Architecture studio Barclay & Crousse used local stone, and cement with a reddish hue, to make this house on the outskirts of Lima match the colour tones of the Peruvian desert.
Sandra Barclay and Jean Pierre Crousse's firm, which is based in the Peruvian capital, designed Casa C3 for a clifftop site to the north of the city.
The building is heavily influenced by the characteristics of the site and the surrounding landscape, which is defined by the region's unique climate with its high humidity, but almost no precipitation.
The desert terrain features reddish-brown soil strewn with large boulders. Not far from the house, the ground drops steeply down to meet the Pacific Ocean.
The architects chose to embed the house in the topography and used materials found in the landscape to ensure it blends in with its natural context.
"Avoiding an objectual relationship with context, the house is conceived as a soil extrusion rather than an object in landscape," said Barclay & Crousse.
"Framing views is not a priority, but the creation of a microcosm that allows understanding its unique features by revealing its hidden qualities," continued the studio.
The property comprises a series of four volumes that step down the hillside. Each structure fulfils a specific function and is connected to the others by stone steps inserted into the landscape.
The first structure at the top of the hill contains a garage and entrance from the street that connects with a set of steps leading up to a larger volume accommodating the main living areas.
These rooms are set beneath a cast-concrete roof formed as a series of vaults that culminate in a cantilevered section projecting out over a private patio.
Large glazed panels on either side of the open-plan lounge and dining space can be retracted to allow sea breezes to waft through the building and provide an uninterrupted view towards the ocean.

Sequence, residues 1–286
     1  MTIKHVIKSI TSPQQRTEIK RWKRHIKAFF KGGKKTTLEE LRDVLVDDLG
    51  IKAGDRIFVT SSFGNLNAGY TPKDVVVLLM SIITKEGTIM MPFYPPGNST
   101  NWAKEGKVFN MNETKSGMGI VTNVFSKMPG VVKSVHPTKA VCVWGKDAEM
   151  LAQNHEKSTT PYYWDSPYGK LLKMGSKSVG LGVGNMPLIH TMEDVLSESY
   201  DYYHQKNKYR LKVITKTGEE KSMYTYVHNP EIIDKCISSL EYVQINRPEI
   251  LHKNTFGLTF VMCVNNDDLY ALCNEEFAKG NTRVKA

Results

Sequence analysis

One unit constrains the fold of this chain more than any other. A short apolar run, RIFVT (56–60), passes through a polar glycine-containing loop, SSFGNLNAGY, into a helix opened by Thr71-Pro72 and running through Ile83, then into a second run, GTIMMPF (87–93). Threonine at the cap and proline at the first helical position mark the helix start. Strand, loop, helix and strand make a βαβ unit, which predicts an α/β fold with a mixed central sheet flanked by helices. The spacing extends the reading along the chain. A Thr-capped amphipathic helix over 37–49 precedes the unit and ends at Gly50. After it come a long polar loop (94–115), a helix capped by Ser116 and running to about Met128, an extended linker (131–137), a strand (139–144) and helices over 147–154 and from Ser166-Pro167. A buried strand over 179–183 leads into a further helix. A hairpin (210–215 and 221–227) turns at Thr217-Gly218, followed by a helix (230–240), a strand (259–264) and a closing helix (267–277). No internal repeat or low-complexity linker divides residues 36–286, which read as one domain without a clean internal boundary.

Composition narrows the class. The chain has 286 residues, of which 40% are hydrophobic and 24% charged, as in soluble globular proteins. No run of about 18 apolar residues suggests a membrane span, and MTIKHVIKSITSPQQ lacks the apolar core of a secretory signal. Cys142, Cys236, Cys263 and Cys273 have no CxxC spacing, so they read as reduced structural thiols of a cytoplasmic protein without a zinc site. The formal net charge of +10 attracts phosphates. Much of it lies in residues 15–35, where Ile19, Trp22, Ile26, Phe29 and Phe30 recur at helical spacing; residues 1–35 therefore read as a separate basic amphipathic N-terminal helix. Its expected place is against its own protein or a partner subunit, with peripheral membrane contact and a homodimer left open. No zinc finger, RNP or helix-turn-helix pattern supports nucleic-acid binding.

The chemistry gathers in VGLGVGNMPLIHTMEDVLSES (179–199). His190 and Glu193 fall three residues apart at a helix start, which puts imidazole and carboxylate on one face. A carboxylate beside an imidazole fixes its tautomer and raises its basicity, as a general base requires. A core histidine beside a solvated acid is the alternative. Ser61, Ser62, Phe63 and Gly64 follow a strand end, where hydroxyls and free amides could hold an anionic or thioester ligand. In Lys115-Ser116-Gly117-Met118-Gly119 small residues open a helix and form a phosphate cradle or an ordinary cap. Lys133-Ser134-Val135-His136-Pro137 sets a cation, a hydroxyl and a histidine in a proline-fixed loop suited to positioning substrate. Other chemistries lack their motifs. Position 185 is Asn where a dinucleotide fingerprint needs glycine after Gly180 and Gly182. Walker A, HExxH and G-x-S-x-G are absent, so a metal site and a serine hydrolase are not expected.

Bedrooms are housed in two additional structures further down the slope, which feature rooftop gardens and terraces that appear as extensions of the terrain.
The lowest pavilion contains a master bedroom suite and a patio shaded by a slatted wooden canopy. The patio connects with a decked terrace lining a pool that appears as an extension of the sea below.
Simple construction methods used throughout the project allowed local builders without specialist knowledge to complete the building, which helped to reduce the overall cost.
The structure was created by pouring concrete into recycled wooden formwork, while local masons carved the stone used to clad some of the external walls.
The concrete was mixed using local puzzolanic cement to give it a tone that blends in with the surrounding rocks and soil.
Barclay and Crousse founded their studio in 1994 in Paris, before relocating to Lima in 2006. Its previous projects include a university building with textured concrete walls that enclose a sequence of cave-like outdoor corridors.
Barclay was named as the recipient of the 2018 Woman Architect of the Year award for the firm's work on an archaeology museum featuring geometric forms cast in red-pigmented concrete.
Photography is by Cristóbal Palma.
Project authors: Sandra Barclay & Jean Pierre Crousse
Assistants: Eduardo Zambrano, Blecker Ruiz
Structural engineering: Eng. Jorge Indacochea
Contractor: Mason Rubén Cavallini